# Find the range of \['a'\] for which the parabola \[y=a{{x}^{2}}\] and the unit circle with centre at \[(0,1)\] meet each other at two points other than origin.

Last updated date: 19th Mar 2023

•

Total views: 305.4k

•

Views today: 2.84k

Answer

Verified

305.4k+ views

Hint: To find the range of \['a'\] for which the parabola and the circle intersect each other at points other than origin, we will first find the equation of the circle with the given centre and then substitute the equation of the parabola in the equation of the circle and solve it to get the desired range.

Complete step-by-step answer:

We have a parabola of the form \[y=a{{x}^{2}}\] and a unit circle with centre at \[(0,1)\].

We want to find the range of \['a'\] for which the two curves will intersect at points other than the origin.

We know that the equation of circle with centre \[(h,k)\] and radius \[r\] is\[{{(x-h)}^{2}}+{{(y-

k)}^{2}}={{r}^{2}}\].

Substituting \[h=0,k=1,r=1\] in the above equation, we get \[{{x}^{2}}+{{(y-1)}^{2}}={{1}^{2}}\]

\[...(1)\] as the equation of our circle.

Now, we have \[y=a{{x}^{2}}\] \[...(2)\] as the equation of our parabola.

To find the point of intersection of the two curves, we will rewrite the equation of parabola

as \[\dfrac{y}{a}={{x}^{2}}\] \[...(3)\]

We will substitute this equation of parabola in equation \[(1)\].

Thus, we get

\[\begin{align}

&\Rightarrow\dfrac{y}{a}+{{(y-1)^{2}}}={{1}^{2}}\\

&\Rightarrow\dfrac{y}{a}+{{y}^{2}}+1-2y=1

\\ &\Rightarrow\dfrac{y}{a}+{{y}^{2}}-2y=0

\end{align}\]

Now factorizing the above equation, we get \[y(\dfrac{1}{a}+y-2)=0\].

So, we have

\[\Rightarrow y=0,y=2-\dfrac{1}{a}\]

Thus, for a point of intersection of two curves other than the origin, we have \[y=2-\dfrac{1}{a}\].

Substituting the above value of \[y\] in the equation \[(3)\], we get \[{{x}^{2}}=\dfrac{y}{a}=\dfrac{2}{a}-\dfrac{1}{{{a}^{2}}}\].

As we are excluding the origin from our point of intersection of the two curves, we have \[{{x}^{2}}>0\]

\[\begin{align}

& \Rightarrow \dfrac{2}{a}-\dfrac{1}{{{a}^{2}}}>0 \\

& \Rightarrow \dfrac{2a-1}{{{a}^{2}}}>0 \\

& \Rightarrow 2a-1>0 \\

& \Rightarrow a>\dfrac{1}{2} \\

\end{align}\]

\[\Rightarrow a\in \left( \dfrac{1}{2},\infty \right)\]

Hence, the required range of value of \['a'\] is \[a\in \left( \dfrac{1}{2},\infty \right)\].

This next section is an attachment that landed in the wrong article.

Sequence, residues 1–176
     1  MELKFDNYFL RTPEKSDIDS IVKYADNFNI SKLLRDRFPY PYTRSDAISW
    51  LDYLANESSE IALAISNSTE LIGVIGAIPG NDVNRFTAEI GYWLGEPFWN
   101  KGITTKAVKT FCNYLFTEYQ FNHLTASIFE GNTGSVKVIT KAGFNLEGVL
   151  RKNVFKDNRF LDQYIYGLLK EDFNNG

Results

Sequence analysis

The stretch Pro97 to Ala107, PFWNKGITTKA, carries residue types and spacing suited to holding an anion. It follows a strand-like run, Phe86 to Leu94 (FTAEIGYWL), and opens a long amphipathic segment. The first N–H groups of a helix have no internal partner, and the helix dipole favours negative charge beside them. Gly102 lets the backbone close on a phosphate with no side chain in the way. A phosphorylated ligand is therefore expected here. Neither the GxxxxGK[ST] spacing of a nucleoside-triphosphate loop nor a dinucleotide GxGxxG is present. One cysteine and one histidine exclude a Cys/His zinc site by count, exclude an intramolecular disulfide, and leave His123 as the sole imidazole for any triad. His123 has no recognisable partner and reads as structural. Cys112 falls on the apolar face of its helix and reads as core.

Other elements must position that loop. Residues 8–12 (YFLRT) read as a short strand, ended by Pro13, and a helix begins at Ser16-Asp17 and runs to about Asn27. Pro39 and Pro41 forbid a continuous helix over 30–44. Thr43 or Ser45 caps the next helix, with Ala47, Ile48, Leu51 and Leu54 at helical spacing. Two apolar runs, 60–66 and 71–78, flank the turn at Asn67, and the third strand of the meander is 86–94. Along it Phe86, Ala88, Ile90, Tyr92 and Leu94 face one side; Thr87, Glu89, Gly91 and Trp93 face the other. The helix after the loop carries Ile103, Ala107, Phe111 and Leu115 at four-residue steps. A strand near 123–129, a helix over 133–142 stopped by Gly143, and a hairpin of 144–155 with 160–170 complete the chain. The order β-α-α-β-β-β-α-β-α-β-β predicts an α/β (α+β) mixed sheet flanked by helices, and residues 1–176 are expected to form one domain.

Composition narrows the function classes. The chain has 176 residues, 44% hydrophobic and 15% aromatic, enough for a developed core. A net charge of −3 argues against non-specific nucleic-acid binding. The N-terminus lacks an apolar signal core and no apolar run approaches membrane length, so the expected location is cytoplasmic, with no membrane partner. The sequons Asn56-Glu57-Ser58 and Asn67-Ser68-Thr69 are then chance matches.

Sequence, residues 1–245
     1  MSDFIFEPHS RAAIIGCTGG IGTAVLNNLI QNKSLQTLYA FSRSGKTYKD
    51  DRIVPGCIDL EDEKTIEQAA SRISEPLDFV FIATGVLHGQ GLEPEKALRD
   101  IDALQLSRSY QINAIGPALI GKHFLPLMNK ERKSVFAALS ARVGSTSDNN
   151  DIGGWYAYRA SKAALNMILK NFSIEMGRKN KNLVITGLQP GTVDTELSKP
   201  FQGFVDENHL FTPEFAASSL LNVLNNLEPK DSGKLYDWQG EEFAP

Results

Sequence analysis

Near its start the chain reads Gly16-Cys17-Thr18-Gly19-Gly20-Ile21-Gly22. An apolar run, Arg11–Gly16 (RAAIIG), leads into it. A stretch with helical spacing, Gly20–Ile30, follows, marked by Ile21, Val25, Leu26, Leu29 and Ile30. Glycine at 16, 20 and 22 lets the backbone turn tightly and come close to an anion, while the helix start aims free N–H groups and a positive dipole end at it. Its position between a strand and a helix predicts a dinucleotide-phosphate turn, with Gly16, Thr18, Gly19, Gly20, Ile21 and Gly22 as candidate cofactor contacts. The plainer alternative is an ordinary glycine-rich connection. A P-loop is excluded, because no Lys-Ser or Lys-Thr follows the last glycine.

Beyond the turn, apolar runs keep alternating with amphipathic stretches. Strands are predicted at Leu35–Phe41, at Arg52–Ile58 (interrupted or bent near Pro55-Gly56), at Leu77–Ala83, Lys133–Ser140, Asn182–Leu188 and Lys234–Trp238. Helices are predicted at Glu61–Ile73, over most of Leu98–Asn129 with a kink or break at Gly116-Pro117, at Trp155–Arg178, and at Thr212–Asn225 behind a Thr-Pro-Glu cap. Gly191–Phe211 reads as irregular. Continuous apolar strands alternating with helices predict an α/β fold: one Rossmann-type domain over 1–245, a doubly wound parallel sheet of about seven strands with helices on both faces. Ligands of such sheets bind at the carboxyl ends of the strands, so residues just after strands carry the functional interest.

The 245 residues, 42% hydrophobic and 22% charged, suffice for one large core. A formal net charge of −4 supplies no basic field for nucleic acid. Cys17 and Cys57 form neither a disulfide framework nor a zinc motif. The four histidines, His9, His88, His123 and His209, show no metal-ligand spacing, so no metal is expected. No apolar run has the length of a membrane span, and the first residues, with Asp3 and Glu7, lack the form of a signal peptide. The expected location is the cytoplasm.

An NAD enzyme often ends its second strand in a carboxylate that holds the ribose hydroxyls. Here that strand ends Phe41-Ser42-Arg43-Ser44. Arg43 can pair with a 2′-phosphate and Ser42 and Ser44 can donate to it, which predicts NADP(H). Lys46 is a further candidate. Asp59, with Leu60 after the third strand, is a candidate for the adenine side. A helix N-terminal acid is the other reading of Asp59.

Note: We can also solve this question by substituting the value of \[y\] in terms of \[x\] and then solve for \[x\]. However, that will be time consuming to calculate. Also, one must keep in mind that \[{{x}^{2}}>0\] as we are looking for points of intersection of two curves other than the origin.

Complete step-by-step answer:

We have a parabola of the form \[y=a{{x}^{2}}\] and a unit circle with centre at \[(0,1)\].

We want to find the range of \['a'\] for which the two curves will intersect at points other than the origin.

We know that the equation of circle with centre \[(h,k)\] and radius \[r\] is\[{{(x-h)}^{2}}+{{(y-

k)}^{2}}={{r}^{2}}\].

Substituting \[h=0,k=1,r=1\] in the above equation, we get \[{{x}^{2}}+{{(y-1)}^{2}}={{1}^{2}}\]

\[...(1)\] as the equation of our circle.

Now, we have \[y=a{{x}^{2}}\] \[...(2)\] as the equation of our parabola.

To find the point of intersection of the two curves, we will rewrite the equation of parabola

as \[\dfrac{y}{a}={{x}^{2}}\] \[...(3)\]

We will substitute this equation of parabola in equation \[(1)\].

Thus, we get

\[\begin{align}

&\Rightarrow\dfrac{y}{a}+{{(y-1)^{2}}}={{1}^{2}}\\

&\Rightarrow\dfrac{y}{a}+{{y}^{2}}+1-2y=1

\\ &\Rightarrow\dfrac{y}{a}+{{y}^{2}}-2y=0

\end{align}\]

Now factorizing the above equation, we get \[y(\dfrac{1}{a}+y-2)=0\].

So, we have

\[\Rightarrow y=0,y=2-\dfrac{1}{a}\]

Thus, for a point of intersection of two curves other than the origin, we have \[y=2-\dfrac{1}{a}\].

Substituting the above value of \[y\] in the equation \[(3)\], we get \[{{x}^{2}}=\dfrac{y}{a}=\dfrac{2}{a}-\dfrac{1}{{{a}^{2}}}\].

As we are excluding the origin from our point of intersection of the two curves, we have \[{{x}^{2}}>0\]

\[\begin{align}

& \Rightarrow \dfrac{2}{a}-\dfrac{1}{{{a}^{2}}}>0 \\

& \Rightarrow \dfrac{2a-1}{{{a}^{2}}}>0 \\

& \Rightarrow 2a-1>0 \\

& \Rightarrow a>\dfrac{1}{2} \\

\end{align}\]

\[\Rightarrow a\in \left( \dfrac{1}{2},\infty \right)\]

Hence, the required range of value of \['a'\] is \[a\in \left( \dfrac{1}{2},\infty \right)\].

Note: We can also solve this question by substituting the value of \[y\] in terms of \[x\] and then solve for \[x\]. However, that will be time consuming to calculate. Also, one must keep in mind that \[{{x}^{2}}>0\] as we are looking for points of intersection of two curves other than the origin.

Recently Updated Pages

Calculate the entropy change involved in the conversion class 11 chemistry JEE_Main

The law formulated by Dr Nernst is A First law of thermodynamics class 11 chemistry JEE_Main

For the reaction at rm0rm0rmC and normal pressure A class 11 chemistry JEE_Main

An engine operating between rm15rm0rm0rmCand rm2rm5rm0rmC class 11 chemistry JEE_Main

For the reaction rm2Clg to rmCrmlrm2rmg the signs of class 11 chemistry JEE_Main

The enthalpy change for the transition of liquid water class 11 chemistry JEE_Main

Trending doubts

Difference Between Plant Cell and Animal Cell

Write an application to the principal requesting five class 10 english CBSE

Ray optics is valid when characteristic dimensions class 12 physics CBSE

Give 10 examples for herbs , shrubs , climbers , creepers

Write the 6 fundamental rights of India and explain in detail

Write a letter to the principal requesting him to grant class 10 english CBSE

List out three methods of soil conservation

Fill in the blanks A 1 lakh ten thousand B 1 million class 9 maths CBSE

Write a letter to the Principal of your school to plead class 10 english CBSE